An Anti-Racism Shavuot Message


The term “adath Yisrael”- the congregation of Israel – was first used in the book of Exodus (chapter 12, verse 3) when we became a community of a religious entity.  As it is stated in B’midbar, that community in the desert consisted of twelve tribes, and although each tribe had its own flag or banner and each had a specific place in the camp, they constituted one people – whose common centre was the Tent of Meeting, “the place where G-d will meet with you”.  We also know that a census was to be taken of the community, that it was important to be counted as an individual, and that each person had a responsibility to the community.

Over thousands of years, we have grown from those twelve tribes into a global Jewish community, but we are still one peoplehood.  Today, we are Jews who came from European origins, and we are Jews whose families were born in India, Morocco, South Africa, Jamaica, Canada, Mexico, Argentina, Guyana, Israel, Ethiopia, as well as many other countries.  We are Jews of many traditions.  We are all Jews whether by birth, by adoption, or by choice.  We are Jews of many hues.

In 2018 the Jews of Colour Initiative’s Executive Director, Ilana Kaufman, also found it important to take a type of census.  She commissioned a survey of Jews of Colour in the United States called “Count us In” so that Jews of Colour will feel seen, reflected, affirmed and validated.  The report from this survey, called “Beyond the Count”, showed that 80% of respondents said that they have faced discrimination or experienced other negative feelings in Jewish settings, particularly in congregational environments.  These sentiments were even reflected in the sermons given by Black or Asian Rabbis.

Unfortunately, Jews of all hues in Jewish communities outside of the U.S. have also expressed similar experiences.  It is obvious that synagogues need to do something to change these painful situations.

With the hope to truly change the dynamic of Jews of all hues sharing their negative experiences in Jewish settings, we begin by “starting with our own house” – the synagogue.

  1. As Ms. Kaufman has said, “An organization is ready for change when the leadership of that organization is ready for change.” So, for an organization or synagogue to change, its Board of Governors needs to adopt an anti-racism policy statement.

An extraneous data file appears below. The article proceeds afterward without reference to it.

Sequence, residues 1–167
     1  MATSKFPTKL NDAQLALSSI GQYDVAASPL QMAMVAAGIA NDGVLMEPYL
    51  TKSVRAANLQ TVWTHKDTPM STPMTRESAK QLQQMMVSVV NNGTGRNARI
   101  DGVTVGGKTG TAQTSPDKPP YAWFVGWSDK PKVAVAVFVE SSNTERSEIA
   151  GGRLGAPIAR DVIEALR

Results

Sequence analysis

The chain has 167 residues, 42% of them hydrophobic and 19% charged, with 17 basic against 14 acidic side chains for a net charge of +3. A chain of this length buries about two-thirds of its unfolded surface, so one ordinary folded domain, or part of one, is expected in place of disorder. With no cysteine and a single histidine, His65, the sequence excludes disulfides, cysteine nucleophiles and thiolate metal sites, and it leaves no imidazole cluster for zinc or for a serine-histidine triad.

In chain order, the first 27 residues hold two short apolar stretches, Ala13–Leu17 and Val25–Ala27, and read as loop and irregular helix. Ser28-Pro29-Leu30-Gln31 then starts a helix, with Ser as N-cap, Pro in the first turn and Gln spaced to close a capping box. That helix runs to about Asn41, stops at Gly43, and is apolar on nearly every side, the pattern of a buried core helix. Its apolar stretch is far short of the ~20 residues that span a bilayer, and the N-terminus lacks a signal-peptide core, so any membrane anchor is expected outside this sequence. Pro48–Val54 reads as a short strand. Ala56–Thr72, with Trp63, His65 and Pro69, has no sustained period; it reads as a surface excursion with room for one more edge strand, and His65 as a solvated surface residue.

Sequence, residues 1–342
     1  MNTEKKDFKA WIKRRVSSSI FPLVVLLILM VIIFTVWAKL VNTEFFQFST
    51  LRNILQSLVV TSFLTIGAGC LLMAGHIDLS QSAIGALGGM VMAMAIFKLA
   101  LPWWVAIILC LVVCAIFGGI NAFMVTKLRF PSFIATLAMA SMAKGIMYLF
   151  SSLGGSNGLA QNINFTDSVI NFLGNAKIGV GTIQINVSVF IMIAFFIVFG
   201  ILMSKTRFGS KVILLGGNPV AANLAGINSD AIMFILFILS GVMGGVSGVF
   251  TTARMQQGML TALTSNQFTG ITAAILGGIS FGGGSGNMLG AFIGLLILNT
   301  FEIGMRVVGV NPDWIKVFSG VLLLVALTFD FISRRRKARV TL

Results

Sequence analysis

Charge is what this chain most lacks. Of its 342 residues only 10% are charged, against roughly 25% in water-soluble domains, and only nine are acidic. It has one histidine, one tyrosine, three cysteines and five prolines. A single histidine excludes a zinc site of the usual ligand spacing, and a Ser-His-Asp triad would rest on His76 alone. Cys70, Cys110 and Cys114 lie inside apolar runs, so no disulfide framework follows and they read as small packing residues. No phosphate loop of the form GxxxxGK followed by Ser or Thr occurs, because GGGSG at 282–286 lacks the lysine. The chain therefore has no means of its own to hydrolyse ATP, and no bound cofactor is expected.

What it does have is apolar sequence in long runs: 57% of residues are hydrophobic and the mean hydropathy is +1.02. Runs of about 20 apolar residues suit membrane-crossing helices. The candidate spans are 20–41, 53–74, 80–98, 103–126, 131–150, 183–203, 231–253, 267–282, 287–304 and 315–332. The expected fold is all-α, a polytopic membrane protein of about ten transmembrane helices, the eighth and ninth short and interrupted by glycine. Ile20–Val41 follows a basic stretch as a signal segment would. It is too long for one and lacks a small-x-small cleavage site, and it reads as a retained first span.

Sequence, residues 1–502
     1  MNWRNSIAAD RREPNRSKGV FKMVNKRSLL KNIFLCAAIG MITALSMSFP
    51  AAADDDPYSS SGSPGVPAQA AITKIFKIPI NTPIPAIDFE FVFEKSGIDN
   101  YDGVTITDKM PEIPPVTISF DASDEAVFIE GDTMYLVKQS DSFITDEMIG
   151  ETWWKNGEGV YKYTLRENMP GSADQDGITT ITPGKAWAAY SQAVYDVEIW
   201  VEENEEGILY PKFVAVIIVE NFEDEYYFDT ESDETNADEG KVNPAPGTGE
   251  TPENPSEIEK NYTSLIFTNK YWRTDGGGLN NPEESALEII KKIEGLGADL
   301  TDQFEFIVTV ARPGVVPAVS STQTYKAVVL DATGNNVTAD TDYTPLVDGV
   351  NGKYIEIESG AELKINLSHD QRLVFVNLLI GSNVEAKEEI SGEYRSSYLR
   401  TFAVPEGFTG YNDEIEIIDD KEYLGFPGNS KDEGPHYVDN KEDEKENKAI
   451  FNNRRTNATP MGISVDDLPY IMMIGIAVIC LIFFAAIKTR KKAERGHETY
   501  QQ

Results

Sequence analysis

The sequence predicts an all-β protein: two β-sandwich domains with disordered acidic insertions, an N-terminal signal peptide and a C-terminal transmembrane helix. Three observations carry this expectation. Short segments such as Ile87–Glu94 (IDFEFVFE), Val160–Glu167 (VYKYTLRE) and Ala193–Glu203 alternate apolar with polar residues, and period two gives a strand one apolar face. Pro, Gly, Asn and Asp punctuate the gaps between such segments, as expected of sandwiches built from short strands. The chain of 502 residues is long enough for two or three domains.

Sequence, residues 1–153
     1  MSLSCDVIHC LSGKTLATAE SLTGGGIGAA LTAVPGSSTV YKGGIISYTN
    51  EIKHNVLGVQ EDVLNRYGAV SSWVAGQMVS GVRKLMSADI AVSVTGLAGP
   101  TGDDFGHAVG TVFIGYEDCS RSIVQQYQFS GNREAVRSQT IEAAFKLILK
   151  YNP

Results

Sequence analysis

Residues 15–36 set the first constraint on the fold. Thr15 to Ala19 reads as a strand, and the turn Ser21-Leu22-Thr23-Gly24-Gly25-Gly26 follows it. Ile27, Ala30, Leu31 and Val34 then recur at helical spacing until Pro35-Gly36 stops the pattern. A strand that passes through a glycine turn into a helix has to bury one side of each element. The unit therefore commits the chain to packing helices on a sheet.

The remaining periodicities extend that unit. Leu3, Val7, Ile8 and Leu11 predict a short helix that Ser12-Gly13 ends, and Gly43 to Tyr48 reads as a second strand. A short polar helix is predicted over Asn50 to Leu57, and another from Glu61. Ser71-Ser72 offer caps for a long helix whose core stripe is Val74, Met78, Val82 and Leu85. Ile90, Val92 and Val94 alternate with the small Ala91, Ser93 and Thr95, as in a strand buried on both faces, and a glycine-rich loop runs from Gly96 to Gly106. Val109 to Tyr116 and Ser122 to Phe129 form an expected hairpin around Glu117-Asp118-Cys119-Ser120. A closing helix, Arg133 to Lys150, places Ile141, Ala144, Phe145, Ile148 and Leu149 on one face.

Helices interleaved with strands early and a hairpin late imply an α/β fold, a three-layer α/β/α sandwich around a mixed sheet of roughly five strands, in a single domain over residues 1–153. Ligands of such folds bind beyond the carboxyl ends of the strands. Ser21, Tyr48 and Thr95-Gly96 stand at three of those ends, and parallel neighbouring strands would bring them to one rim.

1. The leadership would then be required to participate in anti-racism training given by a professional, followed by the participation of the congregation.


  1. The anti-racism policy statement is then posted on the shul’s website.


  1. Create opportunities to recognize and appreciate the members of our community for their dedicated leadership and involvement who have helped to create a culture of belonging for every Jew. It is with gratitude for their efforts that they can be honoured in a Shavuot or Shabbat service by inviting them to participate in a variety of our regular synagogue rituals.


  1. Encourage Jews of all hues to continue their involvement in boardrooms, leadership teams, programming, and in those groups whose explicit aim is to engage in the work of justice.


  1. Lastly, these efforts will serve as an example for other synagogues and organizations to be welcoming of all who come to the services and programs.

As the prayer in our siddur says, G-d is ‘The Champion of All Just Struggles’: “When we struggle to promote justice for all, the God of justice strengthens our resolve.”.

As we celebrate Shavuot and the giving of the Torah, we are once again reminded that we are a peoplehood in time – in the past, present, and future – since the Torah was given to those at Mt. Sinai and also to all future generations of Jews.  Therefore, each of us as individuals must echo the words said at Mt. Sinai: “We will do and we will listen”.  May we all go forward together, as a united Jewish community, and be counted in our efforts to repair the world.  Amen.

Linda Friedman

Member, USCJ Racial Justice Sub-Committee

Member of the Anti-Racism Committee at Beth David B’nai Israel Beth Am in Toronto, Canada

Member of the Social Justice Commission‘s Racial Justice Working Group

Linda can be contacted at [email protected].


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